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Bacteria may give sea turtles their magnetic "sixth sense"

What gives some animals a “sixth sense” that allows them to detect the Earth’s magnetic field? According to a new study from the University of Central Florida, the answer may be much more simple than what was expected. 

Some animals sense the invisible lines of the magnetic field for navigation. For example, sea turtles can make long migrations over hundreds to thousands of miles to return to the beach where they were born. 

Additional animals that sense Earth’s magnetic field include birds, fish, and lobsters. Despite 50 years of research, scientists have yet to define the mechanism which underlies this ability. 

“The search for a mechanism has been proposed as one of the last major frontiers in sensory biology and described as if we are ‘searching for a needle in a haystack,'” said study co-author UCF Professor Robert Fitak. 

In collaboration with experts in the United Kingdom and Israel, Professor Fitak has proposed a new theory that a symbiotic relationship with magnetotactic bacteria is what gives animals a magnetic sixth sense. These bacteria orient themselves along the lines of Earth’s magnetic field using organelles called magnetosomes that contain magnetic crystals.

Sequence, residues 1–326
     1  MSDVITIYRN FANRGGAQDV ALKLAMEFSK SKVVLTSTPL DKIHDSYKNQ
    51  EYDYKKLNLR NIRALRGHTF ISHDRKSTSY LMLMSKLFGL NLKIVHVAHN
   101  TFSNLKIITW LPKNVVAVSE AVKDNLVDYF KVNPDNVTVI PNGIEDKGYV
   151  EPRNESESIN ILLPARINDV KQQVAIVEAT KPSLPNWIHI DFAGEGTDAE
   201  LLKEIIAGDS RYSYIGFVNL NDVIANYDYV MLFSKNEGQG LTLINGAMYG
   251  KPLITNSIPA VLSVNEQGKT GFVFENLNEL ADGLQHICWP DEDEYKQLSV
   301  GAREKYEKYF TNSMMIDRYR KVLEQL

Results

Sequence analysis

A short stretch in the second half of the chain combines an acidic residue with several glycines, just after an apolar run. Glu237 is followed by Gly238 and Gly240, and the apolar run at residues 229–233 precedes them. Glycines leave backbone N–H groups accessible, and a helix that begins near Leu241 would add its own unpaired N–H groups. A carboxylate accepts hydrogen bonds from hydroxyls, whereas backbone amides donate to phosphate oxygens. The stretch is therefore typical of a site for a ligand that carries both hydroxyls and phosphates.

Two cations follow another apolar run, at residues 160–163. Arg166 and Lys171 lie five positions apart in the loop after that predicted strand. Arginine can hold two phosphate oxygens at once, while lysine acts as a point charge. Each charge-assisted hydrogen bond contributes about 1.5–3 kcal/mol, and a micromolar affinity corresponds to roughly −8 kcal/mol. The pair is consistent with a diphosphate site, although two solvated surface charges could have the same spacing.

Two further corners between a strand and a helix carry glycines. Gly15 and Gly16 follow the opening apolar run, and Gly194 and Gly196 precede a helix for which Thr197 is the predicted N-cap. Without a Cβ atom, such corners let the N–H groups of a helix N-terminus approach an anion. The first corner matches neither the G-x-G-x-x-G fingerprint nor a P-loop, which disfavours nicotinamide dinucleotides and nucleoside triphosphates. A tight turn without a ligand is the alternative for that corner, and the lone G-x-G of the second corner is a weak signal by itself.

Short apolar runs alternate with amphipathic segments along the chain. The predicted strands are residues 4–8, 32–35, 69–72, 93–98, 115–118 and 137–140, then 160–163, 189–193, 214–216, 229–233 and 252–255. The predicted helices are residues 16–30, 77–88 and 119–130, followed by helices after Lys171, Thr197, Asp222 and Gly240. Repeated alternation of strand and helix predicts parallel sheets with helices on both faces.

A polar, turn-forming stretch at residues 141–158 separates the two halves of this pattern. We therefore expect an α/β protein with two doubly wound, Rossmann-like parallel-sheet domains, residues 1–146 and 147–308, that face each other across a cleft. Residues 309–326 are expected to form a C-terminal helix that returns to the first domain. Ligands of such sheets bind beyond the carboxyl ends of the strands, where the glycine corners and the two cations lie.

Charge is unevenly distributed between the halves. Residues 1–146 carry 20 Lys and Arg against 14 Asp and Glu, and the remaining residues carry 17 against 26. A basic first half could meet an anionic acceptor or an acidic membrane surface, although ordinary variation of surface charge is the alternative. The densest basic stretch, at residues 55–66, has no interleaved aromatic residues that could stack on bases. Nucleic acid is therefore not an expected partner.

The researchers not only present evidence from past studies to support their theory, but also introduce some new evidence of their own. Professor Fitak mined one of the largest genetic databases of microbes, known as the Metagenomic Rapid Annotations using Subsystems Technology database, to examine cases where magnetotactic bacteria were found to be present in animal samples.

According to Professor Fitak, previous microbial diversity studies have often focused on large patterns of the presence or absence of bacteria phyla in animals rather than specific species.

“The presence of these magnetotactic bacteria had been largely overlooked, or ‘lost in the mud’ amongst the massive scale of these datasets.”

For the first time, Professor Fitak determined that magnetotactic bacteria are associated with many animals, including penguins, loggerhead sea turtles, bats, and Atlantic right whales. While the researchers are not sure where the magnetotactic bacteria are present within the animals, they said that it could be associated with specific nervous tissue in the eye or brain.

“I’m working with the co-authors and local UCF researchers to develop a genetic test for these bacteria, and we plan to subsequently screen various animals and specific tissues, such as in sea turtles, fish, spiny lobsters and birds,” said Professor Fitak.

The study is published in the journal Philosophical Transactions of the Royal Society B.

By Chrissy Sexton, Staff Writer


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